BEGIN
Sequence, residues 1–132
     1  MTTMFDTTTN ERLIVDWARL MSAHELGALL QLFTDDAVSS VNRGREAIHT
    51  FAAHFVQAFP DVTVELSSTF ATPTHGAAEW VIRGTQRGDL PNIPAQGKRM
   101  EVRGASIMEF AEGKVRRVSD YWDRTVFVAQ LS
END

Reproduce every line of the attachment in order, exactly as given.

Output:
Sequence, residues 1–132
     1  MTTMFDTTTN ERLIVDWARL MSAHELGALL QLFTDDAVSS VNRGREAIHT
    51  FAAHFVQAFP DVTVELSSTF ATPTHGAAEW VIRGTQRGDL PNIPAQGKRM
   101  EVRGASIMEF AEGKVRRVSD YWDRTVFVAQ LS